Google's construction plans a sign of commitment
53-year land lease represents 'significant investment,' city official says
It has been more than a decade since Google first set up shop in Mountain View, seven years since the search giant moved into its "Googleplex" in the North Bayshore business district and nearly five years since the Oxford English Dictionary officially recognized "Google" as a verb.
Now the company is preparing for another first. With the penning of a new 53-year land lease, Google is planning to construct a building in Mountain View for the first time.
"What it says to our community is that Google is willing to make a significant investment and clearly sees Mountain View as their headquarters," said Ellis Burns, assistant of community development for the city.
The Mountain View City Council recently abandoned plans to build a hotel and conference center on a site known as Charleston East, which sits next to the Google headquarters. The land that the city had planned to build on, along with another adjacent empty parcel, together comprise 18.6 acres upon which Google plans to build a new state of the art, "green" office space, according to Google spokesman Jordan Newman.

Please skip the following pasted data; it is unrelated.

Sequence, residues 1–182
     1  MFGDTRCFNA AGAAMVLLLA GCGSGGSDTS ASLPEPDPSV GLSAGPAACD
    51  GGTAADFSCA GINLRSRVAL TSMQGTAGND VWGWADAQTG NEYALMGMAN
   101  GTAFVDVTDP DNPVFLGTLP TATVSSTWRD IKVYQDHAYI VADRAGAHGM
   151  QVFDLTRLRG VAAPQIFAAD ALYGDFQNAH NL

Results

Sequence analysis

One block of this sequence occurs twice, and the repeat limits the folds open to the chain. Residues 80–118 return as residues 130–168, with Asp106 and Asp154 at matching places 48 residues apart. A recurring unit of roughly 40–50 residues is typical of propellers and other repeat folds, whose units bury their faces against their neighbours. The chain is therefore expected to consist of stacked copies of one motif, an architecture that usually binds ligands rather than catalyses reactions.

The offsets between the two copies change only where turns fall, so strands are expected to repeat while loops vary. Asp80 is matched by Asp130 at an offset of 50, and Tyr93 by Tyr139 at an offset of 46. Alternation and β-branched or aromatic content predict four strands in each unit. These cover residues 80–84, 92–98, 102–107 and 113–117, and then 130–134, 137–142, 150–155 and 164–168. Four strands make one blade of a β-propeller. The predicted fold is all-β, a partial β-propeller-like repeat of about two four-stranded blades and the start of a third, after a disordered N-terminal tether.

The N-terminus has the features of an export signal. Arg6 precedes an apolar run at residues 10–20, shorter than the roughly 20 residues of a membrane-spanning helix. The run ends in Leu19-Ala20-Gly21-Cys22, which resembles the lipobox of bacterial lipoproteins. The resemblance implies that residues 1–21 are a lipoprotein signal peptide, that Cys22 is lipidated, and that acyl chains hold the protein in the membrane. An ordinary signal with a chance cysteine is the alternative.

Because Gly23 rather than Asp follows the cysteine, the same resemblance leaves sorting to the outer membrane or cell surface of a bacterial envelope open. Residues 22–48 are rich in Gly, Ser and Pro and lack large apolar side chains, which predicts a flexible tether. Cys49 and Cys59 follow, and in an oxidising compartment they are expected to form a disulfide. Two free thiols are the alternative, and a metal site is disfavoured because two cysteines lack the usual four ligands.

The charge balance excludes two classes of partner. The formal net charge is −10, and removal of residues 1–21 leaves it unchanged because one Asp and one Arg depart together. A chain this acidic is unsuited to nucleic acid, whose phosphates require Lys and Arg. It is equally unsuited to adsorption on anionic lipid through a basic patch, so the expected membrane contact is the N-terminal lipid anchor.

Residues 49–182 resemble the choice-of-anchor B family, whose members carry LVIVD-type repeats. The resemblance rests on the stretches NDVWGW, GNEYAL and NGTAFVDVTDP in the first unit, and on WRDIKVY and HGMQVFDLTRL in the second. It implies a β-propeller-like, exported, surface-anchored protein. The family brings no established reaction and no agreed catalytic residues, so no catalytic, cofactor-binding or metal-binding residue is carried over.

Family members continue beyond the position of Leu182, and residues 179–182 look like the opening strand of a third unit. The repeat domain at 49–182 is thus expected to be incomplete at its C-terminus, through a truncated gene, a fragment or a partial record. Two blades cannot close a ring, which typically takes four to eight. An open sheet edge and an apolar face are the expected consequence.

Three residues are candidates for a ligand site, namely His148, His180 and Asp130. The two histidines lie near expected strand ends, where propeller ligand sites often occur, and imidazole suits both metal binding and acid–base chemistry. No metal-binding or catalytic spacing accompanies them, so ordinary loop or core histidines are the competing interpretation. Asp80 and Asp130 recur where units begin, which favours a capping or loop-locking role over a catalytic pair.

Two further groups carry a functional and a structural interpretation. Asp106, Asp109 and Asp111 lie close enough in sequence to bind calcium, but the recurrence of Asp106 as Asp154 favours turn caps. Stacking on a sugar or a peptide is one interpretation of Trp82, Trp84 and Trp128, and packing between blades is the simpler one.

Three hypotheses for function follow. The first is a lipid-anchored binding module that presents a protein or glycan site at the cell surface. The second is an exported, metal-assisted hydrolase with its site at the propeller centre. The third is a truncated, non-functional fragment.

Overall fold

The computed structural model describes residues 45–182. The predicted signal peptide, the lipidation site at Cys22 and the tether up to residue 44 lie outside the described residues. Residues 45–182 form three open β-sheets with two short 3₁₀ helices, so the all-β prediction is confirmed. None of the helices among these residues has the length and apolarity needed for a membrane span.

Newman said that Google is not divulging much information about the building it will construct on the site. However, he said that Burns was correct in his interpretation of the move. Google has had a good relationship with Mountain View and intends to continue working collaboratively with the city, he said.
"We're excited that the Mountain View City Council has approved our proposal to reallocate the southern half of the Charleston East as office space," said David Radcliffe, vice president of real estate and workplace services for Google, in a written statement. "This development is integral to our expansion plans as we continue to grow in Mountain View."
In addition to the money that will be generated for the city by the lease, Burns said Google's show of commitment to the city also makes Mountain View attractive to other tech companies — especially startups.
"It creates synergy," Burns said, by contributing to the high-tech atmosphere of Mountain View. "I think the fact that they are building a building here is significant."